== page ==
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More Than This
ISBN: 9780763662585
Author: Ness, Patrick
Publisher: Candlewick Pr
Published: September 2013
Retail: $19.99    OUR PRICE: $2.99
     You Save 86%
Binding Type: Hardcover
Annotation: Awakening inexplicably in the suburban English town of his early childhood after drowning, Seth is baffled by changes in the community and suffers from agonizing memories that reveal sinister qualities about the world around him.
Additional Information
Library of Congress Subjects:
Drowning; Fiction.
Dewey: [Fic]
LCCN: bl2013039639
Academic/Grade Level: Grade 10-12, Age 15-18
Book type: Juvenile Fiction
Target Grade: 10-12
Grade level: 10-12
Physical Information: 8.50" H x 5.25" L x 1.50" W
Bargain Category: High School, Chapter Books
Descriptions, Reviews, Etc.

Contributor Bio(s): trick Ness is the author of the critically acclaimed and best-selling Chaos Walking trilogy, as well as the Carnegie Medal–winning A Monster Calls, inspired by an idea from Siobhan Dowd. Among the numerous awards he has received are the Guardian Children’s Fiction Prize, the Booktrust Teenage Prize, and the Costa Children’s Book Award. Born in Virginia, he lives in London.
Reviewed by Horn Book Guide Reviews (Horn Book Guide Reviews 2014 Spring)
As the novel opens, Seth drowns; he wakes up in a world like his own, but seemingly without people. He wanders until he finds two other teens and together they try to make sense of their lives, their apparent deaths, and their current warped reality. Ness is a good storyteller and an interesting prose stylist, but the world-building here is too enigmatic.
Reviewed by Horn Book Magazine Reviews (Horn Book Magazine Reviews 2013 #6)
In the wake of The Lovely Bones, a subgenre of young adult novels was born wherein a dead protagonist moves on to the afterlife for the real action of the story, and Ness's latest novel fits neatly into this relatively recent tradition. What sets his apart is that the world-building, rather than becoming increasingly clearer, instead remains an enigma that puzzles and perplexes the characters—not to mention the reader. As the novel opens, Seth violently drowns in the ocean; he soon wakes up in a world like his own, but seemingly without people. Painful memories plague him: the abduction of his younger brother in the distant past and more recent ones of the fallout from his romantic relationship with another boy. He wanders for awhile—a long while—before he finds two other teens, Regine and Tomasz. Together, they dodge the mysteriously dangerous Driver while trying to make sense of their lives, their apparent deaths, and their current warped reality. Ness (the Chaos Walking trilogy; A Monster Calls, rev. 9/11) is not only a good storyteller but an interesting prose stylist, and his latest effort is as provocative as ever. Nevertheless, the gay subplot lacks satisfactory resolution, and the overwritten third-person present-tense narration makes the novel feel more important than it really is; consequently, the audience for this book narrows considerably from Ness's previous work. jonthan hun Copyright 2013 Horn Book Magazine.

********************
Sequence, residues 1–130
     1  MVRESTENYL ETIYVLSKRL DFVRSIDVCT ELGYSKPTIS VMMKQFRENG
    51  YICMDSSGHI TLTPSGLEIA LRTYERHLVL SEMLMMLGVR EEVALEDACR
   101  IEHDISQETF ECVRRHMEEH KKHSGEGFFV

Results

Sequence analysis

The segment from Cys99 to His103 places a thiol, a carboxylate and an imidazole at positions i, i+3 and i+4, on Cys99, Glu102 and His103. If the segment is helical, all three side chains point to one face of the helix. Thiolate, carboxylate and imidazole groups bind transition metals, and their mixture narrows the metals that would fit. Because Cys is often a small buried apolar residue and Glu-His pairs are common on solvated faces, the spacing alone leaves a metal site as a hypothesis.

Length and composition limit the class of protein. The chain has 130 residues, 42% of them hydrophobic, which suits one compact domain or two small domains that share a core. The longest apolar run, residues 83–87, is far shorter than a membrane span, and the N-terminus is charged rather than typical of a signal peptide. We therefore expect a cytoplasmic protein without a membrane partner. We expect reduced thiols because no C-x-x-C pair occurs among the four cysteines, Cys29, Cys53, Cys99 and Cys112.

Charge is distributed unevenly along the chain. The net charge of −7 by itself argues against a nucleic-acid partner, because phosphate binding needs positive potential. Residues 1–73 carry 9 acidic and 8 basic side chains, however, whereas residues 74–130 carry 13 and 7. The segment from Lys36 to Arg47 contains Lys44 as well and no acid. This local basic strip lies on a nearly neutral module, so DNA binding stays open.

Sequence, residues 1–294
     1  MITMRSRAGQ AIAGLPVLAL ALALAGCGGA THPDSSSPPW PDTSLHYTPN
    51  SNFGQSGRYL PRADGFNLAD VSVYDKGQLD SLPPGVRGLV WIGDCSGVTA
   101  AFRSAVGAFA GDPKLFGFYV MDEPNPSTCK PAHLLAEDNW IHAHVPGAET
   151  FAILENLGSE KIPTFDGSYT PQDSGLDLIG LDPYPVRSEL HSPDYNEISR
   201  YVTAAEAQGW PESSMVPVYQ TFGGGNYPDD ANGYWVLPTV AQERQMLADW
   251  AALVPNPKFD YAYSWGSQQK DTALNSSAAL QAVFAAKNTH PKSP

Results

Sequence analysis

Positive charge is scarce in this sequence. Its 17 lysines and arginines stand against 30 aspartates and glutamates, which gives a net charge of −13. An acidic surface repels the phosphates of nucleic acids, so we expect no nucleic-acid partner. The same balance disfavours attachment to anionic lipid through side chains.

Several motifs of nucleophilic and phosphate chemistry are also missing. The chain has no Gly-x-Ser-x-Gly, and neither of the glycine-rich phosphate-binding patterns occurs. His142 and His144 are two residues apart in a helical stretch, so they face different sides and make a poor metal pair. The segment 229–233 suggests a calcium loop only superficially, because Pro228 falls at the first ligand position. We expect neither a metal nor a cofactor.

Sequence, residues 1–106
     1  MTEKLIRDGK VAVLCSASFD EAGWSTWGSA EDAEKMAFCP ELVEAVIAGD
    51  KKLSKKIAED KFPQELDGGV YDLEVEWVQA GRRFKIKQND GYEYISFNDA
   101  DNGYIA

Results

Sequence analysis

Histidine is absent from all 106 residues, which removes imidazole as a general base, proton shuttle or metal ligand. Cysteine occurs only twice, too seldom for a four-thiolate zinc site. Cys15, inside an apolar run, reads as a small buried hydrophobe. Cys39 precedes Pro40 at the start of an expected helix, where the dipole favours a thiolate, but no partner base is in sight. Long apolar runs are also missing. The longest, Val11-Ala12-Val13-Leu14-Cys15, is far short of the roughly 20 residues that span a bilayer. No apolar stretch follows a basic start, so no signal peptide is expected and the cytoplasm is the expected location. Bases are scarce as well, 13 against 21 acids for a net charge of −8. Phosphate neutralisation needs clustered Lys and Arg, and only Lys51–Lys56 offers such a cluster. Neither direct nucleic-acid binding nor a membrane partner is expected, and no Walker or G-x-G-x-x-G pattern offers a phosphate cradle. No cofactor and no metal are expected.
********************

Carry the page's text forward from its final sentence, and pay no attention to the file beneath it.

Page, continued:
Reviewed by Publishers Weekly Reviews (PW Reviews 2013 July #2)

Seth Wearing, age 16, dies in the opening pages of this complex, ambitious novel from Ness (A Monster Calls) and, arguably, that isn't the worst thing that happens to him. After drowning, Seth awakens in the suburban London neighborhood where he lived before his family relocated to the Pacific Northwest. The old neighborhood is now a dust-covered ruin; there is no noise, no electricity, and, at first, not another soul around. Is this hell? A tortured dream? Seth's search for understanding requires Ness to move between the unsettling present and Seth's past, slowly revealing his sad childhood, his awful mother, and the bright spot in his young life—his relationship with schoolmate Gudmund. When even that romance ended in sorrow, Seth grasped for a reason to live. The Matrix-like science fiction elements of the story are somewhat fuzzy, and even the characters continually question the logic of the circumstances they are stuck in. But Ness's exploration of big questions—specifically Seth's yearning to find out if life will ever offer more than the rotten hand he's been dealt—will provide solace for the right readers. Ages 14–up. (Sept.)

[Page ]. Copyright 2013 PWxyz LLC
Reviewed by School Library Journal Reviews (SLJ Reviews 2013 August)

Gr 9 Up—This haunting and consistently surprising novel raises deep questions about what it means to be alive, but it doesn't try to console readers with easy or pat answers. As the story opens, teenage Seth is experiencing his own death in painful detail. In the next chapter, he wakes up physically weak, covered in bandages and strange wounds, and wonders if he is in Hell or the future or somewhere else entirely. As he tries to survive in and make sense of his strange yet familiar surroundings, he is plagued by intense flashbacks of his life before he died: his guilt over the tragedy that befell his little brother, his burgeoning romance with another boy in his small town, and the events that led to his (dubious) death. Upon discovering two other young people in the blighted place he's landed, Seth begins to learn the Matrix-like truth about what has happened to the rest of humanity, how he can escape, and whether he even wants to. The intense themes in this novel make it more appropriate for older teens, but the language and sexual scenarios are clear, relevant, and neither graphic or gratuitous. A delicate balance between dystopian survival and philosophical grappling means that many different kinds of readers should appreciate the story.—Kyle Lukoff, Corlears School, New York City

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